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Thursday, 20 September 2012
Page: 7448

Senator HUMPHRIES (Australian Capital Territory) (10:15): I want to start by addressing the very unfortunate comments of Senator Whish-Wilson in this debate where he attempted to attribute the comments the other night of Senator Bernardi to the Liberal Party as a whole. I would have thought it was extremely obvious with what has happened in the last 24 hours that Senator Bernardi did not speak for the Liberal Party when it came to this legislation. So for Senator Whish-Wilson to in some way suggest that a vote for the Liberal Party represents a vote for the comments made by Senator Bernardi is disingenuous in the extreme.

I have three reasons to oppose this legislation but there is one reason that I am not opposed to this legislation. That is one ground I do not rely upon to oppose this legislation. I do not oppose it on the basis of some personal view about the appropriateness or otherwise of a same-sex relationship, whether acknowledged in the law or not. Like I think everybody in this place, I have gay friends and acquaintances. In the past I have employed gay members of staff. Nothing that I say in the course of this debate should be taken as a reflection on the value of their relationships. I rejoice that I live in a liberal democratic country where people have the freedom to make choices about their lifestyles and, as a small as well as large 'l' liberal, I wish that it will ever be so. That freedom is very important. But it has been said in this debate—both today and previously, and I heard Senator Stephens make this point—that the question here is not about the recognition at law of a same-sex relationship, the question is whether that ought to be elevated to the point of marriage.

It may surprise some advocates for this legislation that not all gay people believe that same-sex marriage is necessary for them to feel validated in their relationships. The arguments I put for my opposition to this legislation are, firstly, I am concerned about the legal confusion that remains as the basis for this legislation. I sat through at least part of the inquiry into the legislation through the Senate Legal and Constitutional Affairs Legislation Committee as its deputy chair. I asked a number of witnesses with a legal background what was the constitutional basis on which the federal parliament might legislate for marriage.

Of course, the argument here is that in 1900, when the Constitution was put together, no doubt the men in beards who largely were responsible for that process would have assumed without even thinking about it that the Commonwealth power in section 51 of the Constitution over marriage was a power over the marriage of a man and a woman. So the question arises as to whether, if this concept has changed now to something other than the marriage of a man and a woman, the Constitution still confers power on the Commonwealth to make such a law. I am not only one raising this legal confusion at the present time. I see that a number of state parliaments have been entertaining legislation to enact laws with respect to same-sex marriage. Clearly at least in their view there is an argument that that power does not belong to the Commonwealth. The Gilbert and Tobin Centre of Public Law, in the course of the inquiry, said that the case for the Commonwealth having the power to legislate for same-sex marriage was arguable but subject to some doubt. Other witnesses said flatly that there was no power for the Commonwealth to do this.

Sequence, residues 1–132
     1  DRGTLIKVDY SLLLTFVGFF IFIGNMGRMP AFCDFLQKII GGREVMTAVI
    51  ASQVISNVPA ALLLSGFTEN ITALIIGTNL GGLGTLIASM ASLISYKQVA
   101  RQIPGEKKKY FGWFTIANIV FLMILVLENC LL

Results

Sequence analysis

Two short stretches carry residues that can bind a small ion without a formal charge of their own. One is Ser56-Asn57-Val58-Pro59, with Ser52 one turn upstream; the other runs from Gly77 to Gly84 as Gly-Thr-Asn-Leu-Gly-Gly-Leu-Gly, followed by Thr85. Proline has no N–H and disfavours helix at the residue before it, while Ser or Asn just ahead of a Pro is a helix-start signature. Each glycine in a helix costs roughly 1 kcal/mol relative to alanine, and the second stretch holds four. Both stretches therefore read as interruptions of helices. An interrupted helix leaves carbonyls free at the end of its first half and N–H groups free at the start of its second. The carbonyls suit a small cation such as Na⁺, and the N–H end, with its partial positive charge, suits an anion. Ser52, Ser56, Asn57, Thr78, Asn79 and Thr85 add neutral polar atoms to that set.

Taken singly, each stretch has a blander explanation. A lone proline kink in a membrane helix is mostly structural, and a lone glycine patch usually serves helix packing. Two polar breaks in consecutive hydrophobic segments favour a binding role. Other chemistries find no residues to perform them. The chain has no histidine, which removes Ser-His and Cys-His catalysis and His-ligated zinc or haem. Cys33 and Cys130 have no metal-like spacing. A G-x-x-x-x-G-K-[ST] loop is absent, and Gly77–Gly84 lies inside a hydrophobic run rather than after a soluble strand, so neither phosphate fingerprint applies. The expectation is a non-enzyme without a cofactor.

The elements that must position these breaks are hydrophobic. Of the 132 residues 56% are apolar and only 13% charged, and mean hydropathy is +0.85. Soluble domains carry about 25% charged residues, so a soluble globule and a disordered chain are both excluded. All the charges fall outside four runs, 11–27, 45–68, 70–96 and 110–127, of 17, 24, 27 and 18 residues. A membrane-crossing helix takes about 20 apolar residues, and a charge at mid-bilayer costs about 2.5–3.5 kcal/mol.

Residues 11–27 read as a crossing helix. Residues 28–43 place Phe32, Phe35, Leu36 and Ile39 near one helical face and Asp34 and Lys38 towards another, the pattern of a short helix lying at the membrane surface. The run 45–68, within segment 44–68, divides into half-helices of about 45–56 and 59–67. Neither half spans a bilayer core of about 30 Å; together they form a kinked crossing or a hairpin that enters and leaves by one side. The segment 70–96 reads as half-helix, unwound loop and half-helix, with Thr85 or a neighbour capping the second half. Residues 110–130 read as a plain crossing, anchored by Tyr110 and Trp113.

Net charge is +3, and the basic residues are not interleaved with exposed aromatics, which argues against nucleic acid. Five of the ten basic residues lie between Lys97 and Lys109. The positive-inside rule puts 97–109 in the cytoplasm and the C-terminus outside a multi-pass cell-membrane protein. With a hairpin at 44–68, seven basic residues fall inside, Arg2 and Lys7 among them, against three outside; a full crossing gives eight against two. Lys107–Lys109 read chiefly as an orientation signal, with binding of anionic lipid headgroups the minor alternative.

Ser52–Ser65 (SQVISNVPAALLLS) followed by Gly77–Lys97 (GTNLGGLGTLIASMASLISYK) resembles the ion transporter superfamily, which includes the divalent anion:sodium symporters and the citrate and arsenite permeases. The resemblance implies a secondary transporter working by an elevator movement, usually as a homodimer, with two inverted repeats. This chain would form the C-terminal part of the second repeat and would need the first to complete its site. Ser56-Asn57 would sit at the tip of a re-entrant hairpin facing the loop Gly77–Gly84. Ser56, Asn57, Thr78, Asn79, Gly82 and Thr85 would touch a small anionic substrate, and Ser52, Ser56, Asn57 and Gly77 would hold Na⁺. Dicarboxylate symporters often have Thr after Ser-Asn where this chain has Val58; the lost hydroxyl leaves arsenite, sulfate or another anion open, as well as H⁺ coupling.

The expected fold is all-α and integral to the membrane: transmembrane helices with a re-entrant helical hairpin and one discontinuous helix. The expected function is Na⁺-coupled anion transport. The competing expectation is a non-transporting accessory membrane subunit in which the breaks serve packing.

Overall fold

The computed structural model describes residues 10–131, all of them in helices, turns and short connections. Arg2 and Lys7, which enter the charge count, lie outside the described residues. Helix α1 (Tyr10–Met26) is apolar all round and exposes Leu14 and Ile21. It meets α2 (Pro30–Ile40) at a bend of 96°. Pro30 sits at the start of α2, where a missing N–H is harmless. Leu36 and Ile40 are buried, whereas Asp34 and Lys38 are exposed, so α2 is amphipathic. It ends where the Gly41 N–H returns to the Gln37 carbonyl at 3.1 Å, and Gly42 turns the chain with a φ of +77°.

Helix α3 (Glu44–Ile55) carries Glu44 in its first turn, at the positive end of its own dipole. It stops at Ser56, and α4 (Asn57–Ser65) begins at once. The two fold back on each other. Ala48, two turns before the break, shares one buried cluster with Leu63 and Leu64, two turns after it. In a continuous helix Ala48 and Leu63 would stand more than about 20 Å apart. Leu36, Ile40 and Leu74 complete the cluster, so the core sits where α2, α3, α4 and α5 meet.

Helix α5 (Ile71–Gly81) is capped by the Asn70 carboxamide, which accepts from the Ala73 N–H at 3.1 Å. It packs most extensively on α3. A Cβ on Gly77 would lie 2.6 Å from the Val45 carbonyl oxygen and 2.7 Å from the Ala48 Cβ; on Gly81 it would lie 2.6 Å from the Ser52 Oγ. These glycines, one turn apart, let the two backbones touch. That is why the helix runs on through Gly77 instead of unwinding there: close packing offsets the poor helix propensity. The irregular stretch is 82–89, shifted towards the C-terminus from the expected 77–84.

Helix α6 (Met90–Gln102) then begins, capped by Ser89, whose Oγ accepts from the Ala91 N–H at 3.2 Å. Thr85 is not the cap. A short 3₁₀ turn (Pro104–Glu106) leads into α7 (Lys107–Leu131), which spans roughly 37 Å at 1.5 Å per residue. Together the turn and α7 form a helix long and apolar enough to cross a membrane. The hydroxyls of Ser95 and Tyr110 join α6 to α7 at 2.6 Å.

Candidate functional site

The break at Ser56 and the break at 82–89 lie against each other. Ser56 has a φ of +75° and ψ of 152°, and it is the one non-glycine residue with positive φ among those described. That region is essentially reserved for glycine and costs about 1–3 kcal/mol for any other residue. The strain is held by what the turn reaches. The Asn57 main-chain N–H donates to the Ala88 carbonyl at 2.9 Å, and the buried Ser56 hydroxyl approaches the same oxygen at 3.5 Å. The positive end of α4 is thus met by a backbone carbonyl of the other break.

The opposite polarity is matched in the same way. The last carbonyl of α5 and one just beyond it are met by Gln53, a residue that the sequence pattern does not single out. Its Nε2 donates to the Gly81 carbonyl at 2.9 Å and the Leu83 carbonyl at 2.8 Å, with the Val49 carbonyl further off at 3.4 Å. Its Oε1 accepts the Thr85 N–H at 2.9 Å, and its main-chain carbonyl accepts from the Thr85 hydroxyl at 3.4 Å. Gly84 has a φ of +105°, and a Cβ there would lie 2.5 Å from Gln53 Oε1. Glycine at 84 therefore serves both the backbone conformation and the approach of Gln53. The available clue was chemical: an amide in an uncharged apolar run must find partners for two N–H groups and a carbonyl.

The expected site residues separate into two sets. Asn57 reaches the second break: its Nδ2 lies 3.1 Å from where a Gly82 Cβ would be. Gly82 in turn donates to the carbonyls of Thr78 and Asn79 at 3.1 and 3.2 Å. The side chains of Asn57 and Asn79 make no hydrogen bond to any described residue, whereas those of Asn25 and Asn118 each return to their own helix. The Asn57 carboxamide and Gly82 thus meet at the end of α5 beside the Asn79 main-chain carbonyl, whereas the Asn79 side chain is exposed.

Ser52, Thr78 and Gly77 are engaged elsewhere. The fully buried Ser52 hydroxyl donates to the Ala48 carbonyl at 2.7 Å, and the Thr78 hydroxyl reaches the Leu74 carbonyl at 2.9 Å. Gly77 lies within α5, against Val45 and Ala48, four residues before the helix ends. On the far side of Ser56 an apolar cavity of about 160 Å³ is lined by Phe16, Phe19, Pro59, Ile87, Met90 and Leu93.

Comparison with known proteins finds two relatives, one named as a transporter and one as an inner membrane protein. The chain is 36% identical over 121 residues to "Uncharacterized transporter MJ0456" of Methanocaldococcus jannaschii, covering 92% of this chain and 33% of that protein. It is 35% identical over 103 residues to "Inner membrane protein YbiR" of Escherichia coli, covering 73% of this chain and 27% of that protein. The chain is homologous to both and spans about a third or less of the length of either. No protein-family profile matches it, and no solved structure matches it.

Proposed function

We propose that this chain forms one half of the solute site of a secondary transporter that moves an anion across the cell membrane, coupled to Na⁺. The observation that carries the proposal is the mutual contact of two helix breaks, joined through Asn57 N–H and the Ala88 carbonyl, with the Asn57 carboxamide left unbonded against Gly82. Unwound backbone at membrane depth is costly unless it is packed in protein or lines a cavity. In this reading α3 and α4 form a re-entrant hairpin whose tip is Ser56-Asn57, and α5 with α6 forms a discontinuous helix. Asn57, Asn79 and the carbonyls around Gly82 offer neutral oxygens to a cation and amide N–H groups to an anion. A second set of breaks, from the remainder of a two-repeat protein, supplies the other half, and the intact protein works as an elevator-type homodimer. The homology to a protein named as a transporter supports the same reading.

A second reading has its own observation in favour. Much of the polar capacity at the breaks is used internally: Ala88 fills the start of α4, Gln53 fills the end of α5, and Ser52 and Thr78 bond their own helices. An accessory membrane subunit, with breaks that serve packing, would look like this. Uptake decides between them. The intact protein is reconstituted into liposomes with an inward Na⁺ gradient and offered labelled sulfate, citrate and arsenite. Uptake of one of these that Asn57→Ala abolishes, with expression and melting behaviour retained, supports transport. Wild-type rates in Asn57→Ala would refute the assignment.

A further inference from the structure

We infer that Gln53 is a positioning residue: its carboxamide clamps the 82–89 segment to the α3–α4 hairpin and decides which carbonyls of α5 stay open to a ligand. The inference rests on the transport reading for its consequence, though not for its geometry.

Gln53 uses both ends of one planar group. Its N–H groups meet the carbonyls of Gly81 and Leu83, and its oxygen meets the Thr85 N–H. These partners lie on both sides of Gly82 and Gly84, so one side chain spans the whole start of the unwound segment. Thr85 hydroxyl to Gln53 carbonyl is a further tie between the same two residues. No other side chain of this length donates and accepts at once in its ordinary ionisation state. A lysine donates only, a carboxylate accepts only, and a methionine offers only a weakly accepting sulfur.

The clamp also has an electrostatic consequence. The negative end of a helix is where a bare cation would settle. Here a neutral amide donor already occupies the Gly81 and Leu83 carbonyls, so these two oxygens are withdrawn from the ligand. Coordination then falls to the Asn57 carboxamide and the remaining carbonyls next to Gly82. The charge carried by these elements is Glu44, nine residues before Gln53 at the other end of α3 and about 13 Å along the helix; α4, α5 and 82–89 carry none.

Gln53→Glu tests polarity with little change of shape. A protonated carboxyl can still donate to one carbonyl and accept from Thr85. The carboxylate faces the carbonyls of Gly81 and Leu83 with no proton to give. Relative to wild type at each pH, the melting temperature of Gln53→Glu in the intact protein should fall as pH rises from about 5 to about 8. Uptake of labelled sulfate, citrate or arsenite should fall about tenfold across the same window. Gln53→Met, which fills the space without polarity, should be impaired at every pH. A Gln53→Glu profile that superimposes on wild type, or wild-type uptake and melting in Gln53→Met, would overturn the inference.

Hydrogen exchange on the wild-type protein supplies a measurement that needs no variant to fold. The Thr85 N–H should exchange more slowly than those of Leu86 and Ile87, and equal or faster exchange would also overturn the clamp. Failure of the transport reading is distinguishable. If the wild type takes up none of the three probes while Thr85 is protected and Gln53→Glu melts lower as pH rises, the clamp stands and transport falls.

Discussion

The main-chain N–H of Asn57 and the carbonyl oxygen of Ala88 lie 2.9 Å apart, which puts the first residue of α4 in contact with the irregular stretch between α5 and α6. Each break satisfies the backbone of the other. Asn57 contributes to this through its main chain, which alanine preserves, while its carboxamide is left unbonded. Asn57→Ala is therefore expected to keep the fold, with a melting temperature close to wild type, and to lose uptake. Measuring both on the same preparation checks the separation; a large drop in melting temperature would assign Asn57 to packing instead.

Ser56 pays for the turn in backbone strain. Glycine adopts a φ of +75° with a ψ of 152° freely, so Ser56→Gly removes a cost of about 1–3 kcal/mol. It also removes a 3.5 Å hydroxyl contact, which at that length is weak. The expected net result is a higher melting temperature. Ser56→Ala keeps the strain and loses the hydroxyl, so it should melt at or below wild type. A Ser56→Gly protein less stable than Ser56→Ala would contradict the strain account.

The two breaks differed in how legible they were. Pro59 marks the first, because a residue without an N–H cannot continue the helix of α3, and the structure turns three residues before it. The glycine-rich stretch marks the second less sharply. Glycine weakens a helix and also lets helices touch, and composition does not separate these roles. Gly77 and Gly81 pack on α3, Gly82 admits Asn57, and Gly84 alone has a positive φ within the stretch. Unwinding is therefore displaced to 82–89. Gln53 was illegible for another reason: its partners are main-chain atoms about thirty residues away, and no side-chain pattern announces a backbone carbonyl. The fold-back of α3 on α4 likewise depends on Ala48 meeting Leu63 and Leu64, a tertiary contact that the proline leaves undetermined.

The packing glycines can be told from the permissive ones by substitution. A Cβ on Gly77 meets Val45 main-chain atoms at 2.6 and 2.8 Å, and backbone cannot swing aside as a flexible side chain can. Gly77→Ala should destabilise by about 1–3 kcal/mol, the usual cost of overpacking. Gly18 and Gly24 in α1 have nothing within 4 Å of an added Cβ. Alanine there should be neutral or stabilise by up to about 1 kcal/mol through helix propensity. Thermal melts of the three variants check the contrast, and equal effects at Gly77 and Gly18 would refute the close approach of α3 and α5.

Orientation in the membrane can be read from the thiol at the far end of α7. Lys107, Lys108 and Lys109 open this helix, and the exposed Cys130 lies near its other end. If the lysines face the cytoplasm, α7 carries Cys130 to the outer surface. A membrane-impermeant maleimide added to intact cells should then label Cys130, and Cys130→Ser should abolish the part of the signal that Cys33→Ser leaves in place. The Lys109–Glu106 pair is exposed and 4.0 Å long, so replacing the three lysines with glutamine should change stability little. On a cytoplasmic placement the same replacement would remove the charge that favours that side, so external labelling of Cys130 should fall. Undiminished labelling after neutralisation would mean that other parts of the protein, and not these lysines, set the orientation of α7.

Normally if the Commonwealth proceeds to enact a law which is proven subsequently not to be well based constitutionally, the consequences can be messy but not irretrievable. When the Malaysian solution was struck down by the High Court, the greatest harm that was done was to the pride of the minister and, with respect, not much else flowed from that fact.

But in this case there is a very different set of circumstances that arise because if people undertake the act of being married under a law of the Commonwealth which is subsequently found not to be a valid law those marriages obviously fail. I think it is unacceptable for the Commonwealth to put people in the position of undertaking a ceremony of marriage when we do not know whether that act is in fact underpinned by the law of the land. This matter could be resolved by an amendment to the Constitution and I would invite those who advocate for same-sex marriage to consider proposing such an amendment to make it clear that that power exists. But in the meantime it is unsafe to pass legislation which may not survive challenge in the High Court because of the implications for those who undertake the ceremony believing that they may have a legal right to undertake a marriage.